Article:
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Thursday, December 19, 2019

Eidem v Eidem, 2019 WL 6704977 (2d Cir.,2019) [Norway] [Grave risk of harm] [Petition granted]

In Eidem v Eidem, 2019 WL 6704977 (2d Cir.,2019) Respondent-Appellant Dana Marie Eidem (“Dana Marie”) appealed from a judgment of the District Court granting the application of Petitioner-Appellee Per Magne Eidem (“Per Magne”) for an order directing the return of his two sons to Norway. 

Dana Marie appealed only the District Court’s ruling with respect to her “grave risk” defense, which prevents signatory States from ordering the return of a child when “his or her return would expose the child to physical or psychological harm or otherwise place the child in an intolerable situation.” Hague Convention, art. 13(b) (“grave risk” defense). 

In 2008, Dana Marie and Per Magne, then married, had their first child, T.E., in Norway. Shortly after T.E.’s birth, he was diagnosed with Hirschsprung’s disease, a condition in which nerves in parts of the intestine are missing. As a result of his disease, when very young, T.E. underwent a “pull-through” surgery at a hospital in Trondheim to remove part of his colon. In 2010, the parties had their second child, N.E., who struggled academically from a very young age. Both children required psychological care. In June 2013, Dana Marie sought legal separation from Per Magne in Norway courts. The parties agreed to share custody of the children. Three years later, during the summer of 2016, Per Magne consented to Dana Marie traveling with the children to the United States for a one-year period, and Dana Marie and the children came to New York City. In January 2017, Per Magne began making arrangements with Dana Marie for the children’s eventual return to Norway. Dana Marie informed Per Magne that she would return with the children to Norway on August 8, 2017. On that day, Per Magne went to meet them at the airport where they were expected, but they did not appear. Still in New York City, Dana Marie proceeded to cut off all communication with Per Magne. On July 6, 2018, Per Magne petitioned in the United States District Court for the Southern District of New York for the children’s return.

On April 29, 2019, after an evidentiary hearing, the District Court granted Per Magne’s petition and ordered that the children be returned to Norway by June 29, 2019. It rejected Dana Marie’s “grave risk” defense, concluding that she did not sustain her burden of proof and that she lacked credibility. The District Court found that Dana Marie failed to establish that medical care in Norway “is so lacking” as to pose a grave risk to T.E.’s health or that the children would be deprived of adequate psychological care upon their return to Norway. Eidem v. Eidem, 382 F. Supp. 3d 285, 293-94 (S.D.N.Y. 2019).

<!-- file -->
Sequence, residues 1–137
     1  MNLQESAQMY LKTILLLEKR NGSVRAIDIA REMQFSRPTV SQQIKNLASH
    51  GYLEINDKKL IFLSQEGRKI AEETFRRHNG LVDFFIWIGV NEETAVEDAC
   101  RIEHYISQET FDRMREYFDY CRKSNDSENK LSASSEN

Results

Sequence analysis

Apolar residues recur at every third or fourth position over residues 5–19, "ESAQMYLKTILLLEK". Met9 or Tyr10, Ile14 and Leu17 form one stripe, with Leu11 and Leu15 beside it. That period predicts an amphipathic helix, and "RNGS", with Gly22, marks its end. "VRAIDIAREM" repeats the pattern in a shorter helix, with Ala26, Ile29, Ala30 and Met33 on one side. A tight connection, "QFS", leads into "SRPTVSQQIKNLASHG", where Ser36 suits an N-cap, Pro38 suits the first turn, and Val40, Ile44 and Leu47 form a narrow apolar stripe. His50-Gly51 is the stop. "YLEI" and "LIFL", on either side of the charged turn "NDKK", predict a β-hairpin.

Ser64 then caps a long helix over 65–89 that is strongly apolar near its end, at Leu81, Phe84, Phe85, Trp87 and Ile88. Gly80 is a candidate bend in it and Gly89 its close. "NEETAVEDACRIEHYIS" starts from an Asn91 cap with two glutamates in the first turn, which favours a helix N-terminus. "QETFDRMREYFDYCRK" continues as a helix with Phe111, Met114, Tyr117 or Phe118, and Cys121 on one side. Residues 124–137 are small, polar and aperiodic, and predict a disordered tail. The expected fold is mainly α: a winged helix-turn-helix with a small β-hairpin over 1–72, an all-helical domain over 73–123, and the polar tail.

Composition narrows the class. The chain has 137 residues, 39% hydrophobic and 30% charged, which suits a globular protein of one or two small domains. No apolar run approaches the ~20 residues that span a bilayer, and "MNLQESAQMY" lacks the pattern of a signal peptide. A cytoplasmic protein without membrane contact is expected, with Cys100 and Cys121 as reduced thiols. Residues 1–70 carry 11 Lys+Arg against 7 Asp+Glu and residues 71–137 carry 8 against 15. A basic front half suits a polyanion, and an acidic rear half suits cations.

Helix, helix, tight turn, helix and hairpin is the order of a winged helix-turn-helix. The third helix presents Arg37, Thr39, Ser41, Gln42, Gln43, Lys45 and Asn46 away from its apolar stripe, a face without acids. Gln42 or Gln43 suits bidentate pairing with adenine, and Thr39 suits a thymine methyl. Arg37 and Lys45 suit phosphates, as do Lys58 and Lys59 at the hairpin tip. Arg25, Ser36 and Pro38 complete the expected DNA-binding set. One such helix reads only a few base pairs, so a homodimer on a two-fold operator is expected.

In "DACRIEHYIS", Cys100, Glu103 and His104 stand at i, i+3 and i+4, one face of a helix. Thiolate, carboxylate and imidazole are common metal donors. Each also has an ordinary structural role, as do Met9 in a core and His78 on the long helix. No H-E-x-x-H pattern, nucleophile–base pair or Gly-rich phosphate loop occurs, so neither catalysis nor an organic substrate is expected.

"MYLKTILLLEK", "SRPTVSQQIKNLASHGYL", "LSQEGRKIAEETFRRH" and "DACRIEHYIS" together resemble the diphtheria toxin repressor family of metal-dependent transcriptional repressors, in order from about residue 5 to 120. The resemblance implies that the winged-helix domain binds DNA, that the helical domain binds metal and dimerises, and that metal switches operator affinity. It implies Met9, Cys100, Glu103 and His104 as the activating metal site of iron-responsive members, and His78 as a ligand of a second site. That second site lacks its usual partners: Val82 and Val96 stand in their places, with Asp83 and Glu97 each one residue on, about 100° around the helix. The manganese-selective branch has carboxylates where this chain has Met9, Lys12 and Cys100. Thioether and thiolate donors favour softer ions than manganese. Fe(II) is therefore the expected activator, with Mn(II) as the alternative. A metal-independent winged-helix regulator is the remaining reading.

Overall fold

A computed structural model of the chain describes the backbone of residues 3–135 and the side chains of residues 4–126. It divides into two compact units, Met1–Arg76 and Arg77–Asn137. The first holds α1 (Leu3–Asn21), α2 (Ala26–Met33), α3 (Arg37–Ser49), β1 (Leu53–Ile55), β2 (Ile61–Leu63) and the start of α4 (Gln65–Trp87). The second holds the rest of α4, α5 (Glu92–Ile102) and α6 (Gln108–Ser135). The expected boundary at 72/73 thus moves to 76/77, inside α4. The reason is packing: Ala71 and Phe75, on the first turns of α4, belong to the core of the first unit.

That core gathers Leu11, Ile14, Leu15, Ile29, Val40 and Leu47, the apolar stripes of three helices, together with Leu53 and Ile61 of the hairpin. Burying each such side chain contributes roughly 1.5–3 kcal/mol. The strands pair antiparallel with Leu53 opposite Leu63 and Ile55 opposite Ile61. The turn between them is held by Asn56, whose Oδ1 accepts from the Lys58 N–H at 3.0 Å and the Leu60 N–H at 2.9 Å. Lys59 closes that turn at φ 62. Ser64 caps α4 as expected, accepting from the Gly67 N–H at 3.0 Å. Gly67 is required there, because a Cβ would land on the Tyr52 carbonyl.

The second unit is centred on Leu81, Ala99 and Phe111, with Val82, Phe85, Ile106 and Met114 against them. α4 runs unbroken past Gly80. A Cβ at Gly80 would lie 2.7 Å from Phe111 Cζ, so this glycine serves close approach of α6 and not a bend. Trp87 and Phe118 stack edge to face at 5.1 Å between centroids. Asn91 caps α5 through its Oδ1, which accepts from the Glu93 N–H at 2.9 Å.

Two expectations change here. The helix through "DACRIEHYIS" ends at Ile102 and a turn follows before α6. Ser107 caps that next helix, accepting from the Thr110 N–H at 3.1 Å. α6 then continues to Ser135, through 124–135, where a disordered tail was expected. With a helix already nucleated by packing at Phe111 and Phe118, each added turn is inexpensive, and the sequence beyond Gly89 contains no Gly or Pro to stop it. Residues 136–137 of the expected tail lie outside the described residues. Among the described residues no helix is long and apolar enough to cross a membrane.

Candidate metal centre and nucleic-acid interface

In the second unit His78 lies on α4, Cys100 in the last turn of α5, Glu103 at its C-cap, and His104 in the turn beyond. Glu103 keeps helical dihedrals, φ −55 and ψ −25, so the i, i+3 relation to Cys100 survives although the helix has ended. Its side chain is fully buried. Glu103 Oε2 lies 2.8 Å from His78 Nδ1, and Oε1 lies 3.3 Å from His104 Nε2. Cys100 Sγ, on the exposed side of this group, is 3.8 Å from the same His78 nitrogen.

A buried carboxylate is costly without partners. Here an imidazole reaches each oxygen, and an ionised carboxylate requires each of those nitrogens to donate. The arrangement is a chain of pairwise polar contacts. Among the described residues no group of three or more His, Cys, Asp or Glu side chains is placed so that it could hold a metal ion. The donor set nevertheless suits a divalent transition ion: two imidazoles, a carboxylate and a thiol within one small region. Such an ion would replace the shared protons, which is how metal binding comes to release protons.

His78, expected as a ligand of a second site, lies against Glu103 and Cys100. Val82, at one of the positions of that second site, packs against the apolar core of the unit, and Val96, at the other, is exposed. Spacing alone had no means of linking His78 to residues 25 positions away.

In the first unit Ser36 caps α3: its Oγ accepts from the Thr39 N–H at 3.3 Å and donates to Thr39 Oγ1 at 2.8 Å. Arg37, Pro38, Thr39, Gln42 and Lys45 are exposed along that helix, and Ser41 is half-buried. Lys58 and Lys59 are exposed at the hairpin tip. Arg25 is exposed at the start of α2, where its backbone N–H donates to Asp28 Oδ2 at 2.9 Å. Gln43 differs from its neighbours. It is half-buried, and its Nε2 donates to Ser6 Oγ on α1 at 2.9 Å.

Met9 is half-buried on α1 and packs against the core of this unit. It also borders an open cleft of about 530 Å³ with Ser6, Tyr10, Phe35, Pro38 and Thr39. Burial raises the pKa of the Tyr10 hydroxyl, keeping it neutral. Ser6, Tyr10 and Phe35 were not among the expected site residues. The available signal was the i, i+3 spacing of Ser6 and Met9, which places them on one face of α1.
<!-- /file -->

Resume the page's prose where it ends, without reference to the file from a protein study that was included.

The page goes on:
The Second Circuit observed that because of the strong presumption that children should be returned to the place of their “habitual residence,” it interprets the grave risk defense narrowly. Blondin v. Dubois, 189 F.3d 240, 245-46 (2d Cir. 1999) (“Blondin I”).

On appeal, Dana Marie argued, inter alia, that (the record clearly established that an order directing the children’s return to Norway would place them at grave risk. She maintained that, in Norway, the children would have limited access to medical treatment and emergency services (for T.E.), and psychological supports for both children, each of whom had unique mental health and learning needs. The Second Circuit concluded that the record, as it existed after the October 8, 2018 hearing, established that the children would not be at grave risk if returned to Norway. Dana Marie failed to establish by clear and convincing evidence that in Norway the children would receive inadequate medical and psychological care. Neither Dana Marie nor the medical experts she relied upon took the position that in Norway, T.E. would not have any treatment or care for his disease. As the District Court noted, less than optimal medical care does not equate to grave risk and is not the standard set for permitting a parent to remove a child from his habitual residence. Eidem, 382 F. Supp. 3d at 293 (“[T]he narrow question before the Court is not whether [the doctors in New York] are best suited to manage T.E.’s condition, but whether access to medical care in Norway is so lacking as to pose a grave risk to T.E.’s health.”). In Blondin II, it ruled that the “grave risk” defense does not apply to “those situations where repatriation might [merely] cause inconvenience or hardship.” 238 F.3d at 162. It agreed with the District Court that Dana Marie did not establish by clear and convincing evidence that T.E. would receive inadequate medical care in Norway and would be subject to “grave risk.”

As to the children’s psychological care, the District Court reasonably credited the conclusion of Dr. Rahtz, a psychiatric evaluator who testified on Dana Marie’s behalf. Dr. Rahtz raised concerns about disrupting the children’s current support and care network in New York. But the District Court put the calculus appropriately: While disrupting the children’s current mental health treatment may not be desirable, the children had to undergo a similar disruption when [Dana Marie] first pulled them out of their mental health treatment programs in Norway and took them to the United States. Indeed, there was reason to believe that a return to Norway—where the children lived for the first eight and six years of their lives, and where the vast majority of their family resided—would be less traumatic than the original trip to the United States. Eidem, 382 F. Supp. 3d at 294.  It concluded that the record demonstrated that Dana Marie did not carry her burden of establishing her grave risk defense by clear and convincing evidence. 

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